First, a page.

The home of Bolton Wanderers Football Club will begin a new life as a temporary court this week, joining the national effort to tackle the impact of coronavirus on the criminal justice system in England.
The £25 million all-seater University of Bolton Stadium will swap referees with judges as it transforms into a Nightingale court. It will host two courtrooms that will hear non-custodial criminal cases and be able to issue fines and community service orders.
Any cases deemed serious enough for time in prison will be sent back to a Crown Court for sentencing.
Cases will be heard in rooms beneath the terraces of the Nat Lofthouse Stand (East) and West Stand, which are normally used for conferences.
The venue will help to free up space at the nearby Crown Court for more jury trials – reducing delays and delivering speedier justice for people across the north-west. It will also provide the club with a vital cash-injection while the turnstiles remain closed due to lockdown restrictions.
The versatile stadium has previously hosted concerts for the likes of Oasis, Elton John, and Coldplay.
It will now provide some of the 60 Nightingale courtrooms which will be available nationwide by the end of the month – set up by the government to boost capacity and alleviate pressures on the courts and tribunals system caused by the pandemic.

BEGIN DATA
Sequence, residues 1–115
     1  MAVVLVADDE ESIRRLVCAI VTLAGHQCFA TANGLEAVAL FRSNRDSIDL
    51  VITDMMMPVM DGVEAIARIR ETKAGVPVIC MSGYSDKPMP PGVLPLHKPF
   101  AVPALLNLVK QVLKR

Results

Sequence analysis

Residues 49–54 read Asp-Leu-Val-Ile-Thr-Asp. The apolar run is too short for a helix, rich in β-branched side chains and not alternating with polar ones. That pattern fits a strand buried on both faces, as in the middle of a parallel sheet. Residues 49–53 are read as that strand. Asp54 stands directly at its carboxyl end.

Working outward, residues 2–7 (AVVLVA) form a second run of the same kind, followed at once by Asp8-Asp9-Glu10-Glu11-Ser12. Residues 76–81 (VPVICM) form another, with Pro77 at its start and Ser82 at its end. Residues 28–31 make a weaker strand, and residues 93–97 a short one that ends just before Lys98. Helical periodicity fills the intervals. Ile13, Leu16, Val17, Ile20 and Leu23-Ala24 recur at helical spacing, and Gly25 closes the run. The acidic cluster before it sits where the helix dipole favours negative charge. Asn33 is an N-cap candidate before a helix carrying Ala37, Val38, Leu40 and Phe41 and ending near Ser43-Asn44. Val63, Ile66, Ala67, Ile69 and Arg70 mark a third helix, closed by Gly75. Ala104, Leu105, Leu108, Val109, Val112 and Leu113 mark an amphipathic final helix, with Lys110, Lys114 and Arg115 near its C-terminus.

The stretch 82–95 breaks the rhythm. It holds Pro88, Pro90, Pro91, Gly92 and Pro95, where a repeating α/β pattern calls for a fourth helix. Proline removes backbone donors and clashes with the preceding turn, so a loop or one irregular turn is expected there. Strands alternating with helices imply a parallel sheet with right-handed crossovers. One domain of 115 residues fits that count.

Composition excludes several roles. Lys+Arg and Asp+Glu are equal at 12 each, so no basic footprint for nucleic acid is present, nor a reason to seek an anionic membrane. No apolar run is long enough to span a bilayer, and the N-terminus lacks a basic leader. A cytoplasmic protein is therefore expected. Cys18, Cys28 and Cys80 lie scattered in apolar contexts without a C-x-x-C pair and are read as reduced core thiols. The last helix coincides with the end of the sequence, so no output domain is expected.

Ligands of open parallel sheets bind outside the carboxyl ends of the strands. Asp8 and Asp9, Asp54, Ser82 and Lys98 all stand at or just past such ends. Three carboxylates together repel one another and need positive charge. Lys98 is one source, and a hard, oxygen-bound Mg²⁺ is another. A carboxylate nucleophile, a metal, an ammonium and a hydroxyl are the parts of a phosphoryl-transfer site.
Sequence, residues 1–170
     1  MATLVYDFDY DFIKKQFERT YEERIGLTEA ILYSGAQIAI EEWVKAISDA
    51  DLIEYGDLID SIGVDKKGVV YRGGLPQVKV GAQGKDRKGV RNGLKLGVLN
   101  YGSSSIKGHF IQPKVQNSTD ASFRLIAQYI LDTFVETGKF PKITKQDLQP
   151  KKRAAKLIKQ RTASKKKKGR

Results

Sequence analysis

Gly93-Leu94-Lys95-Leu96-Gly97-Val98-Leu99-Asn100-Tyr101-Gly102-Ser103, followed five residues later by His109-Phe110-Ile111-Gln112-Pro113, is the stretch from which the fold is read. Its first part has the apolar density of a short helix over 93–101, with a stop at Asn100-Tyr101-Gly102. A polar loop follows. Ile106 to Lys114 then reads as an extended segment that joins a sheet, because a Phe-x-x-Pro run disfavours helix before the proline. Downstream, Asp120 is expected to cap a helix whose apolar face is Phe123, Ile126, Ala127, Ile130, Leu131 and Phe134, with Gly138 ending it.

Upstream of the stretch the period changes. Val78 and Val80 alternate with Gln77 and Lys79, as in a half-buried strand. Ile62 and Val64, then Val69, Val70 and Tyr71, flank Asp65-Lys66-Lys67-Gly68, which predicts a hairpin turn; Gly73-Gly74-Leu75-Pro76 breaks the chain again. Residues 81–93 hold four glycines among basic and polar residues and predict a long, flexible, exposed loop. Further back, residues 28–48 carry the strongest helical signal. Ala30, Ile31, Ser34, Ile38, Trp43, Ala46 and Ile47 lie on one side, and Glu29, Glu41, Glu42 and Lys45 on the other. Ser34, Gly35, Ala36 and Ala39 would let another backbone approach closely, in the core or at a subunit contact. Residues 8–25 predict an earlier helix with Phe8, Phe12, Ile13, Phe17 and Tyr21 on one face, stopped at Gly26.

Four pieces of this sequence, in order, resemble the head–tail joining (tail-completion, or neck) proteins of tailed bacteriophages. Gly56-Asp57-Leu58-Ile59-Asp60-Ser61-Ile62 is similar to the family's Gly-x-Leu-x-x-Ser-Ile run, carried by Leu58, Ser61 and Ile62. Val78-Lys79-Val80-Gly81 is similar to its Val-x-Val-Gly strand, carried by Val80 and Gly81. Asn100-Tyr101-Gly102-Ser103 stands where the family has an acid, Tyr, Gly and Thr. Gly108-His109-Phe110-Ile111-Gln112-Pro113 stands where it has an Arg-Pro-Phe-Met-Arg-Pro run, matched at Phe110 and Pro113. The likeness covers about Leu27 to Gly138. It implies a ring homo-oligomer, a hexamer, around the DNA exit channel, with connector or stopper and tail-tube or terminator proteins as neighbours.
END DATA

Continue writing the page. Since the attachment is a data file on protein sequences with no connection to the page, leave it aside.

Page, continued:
Courts Minister, Lord Wolfson QC, said:
This new Nightingale court is in the heart of the local community and will help to deliver swifter justice for people across Bolton.
Courts have been established in cathedrals, hotels, theatres, and now football stadiums to help us tackle the delays caused by the pandemic. This innovative approach is already increasing the caseload going through our courts, while pumping much-needed cash into businesses which have taken a financial hit over the last 12 months.
A Bolton Wanderers Football Club spokesperson said:
The club is pleased to support Bolton Crown Court by enabling the University of Bolton stadium to be used as a Nightingale court.
As a versatile venue which is at the heart of Bolton, we are proud to be once again supporting our local community during what has been a challenging 12 months for all.
The move is part of a £113m government investment to support courts and tribunals during coronavirus (COVID-19). It includes recruiting 1,600 extra staff, investment in further technology, and on-site safety precautions such as plexiglass screens. This is on top of the £142m being spent to speed up technological improvements and modernise courtrooms. The impact of these measures is already being seen:
England and Wales are believed to be the first comparable major jurisdiction in the world to resume jury trials, with hundreds now being listed each week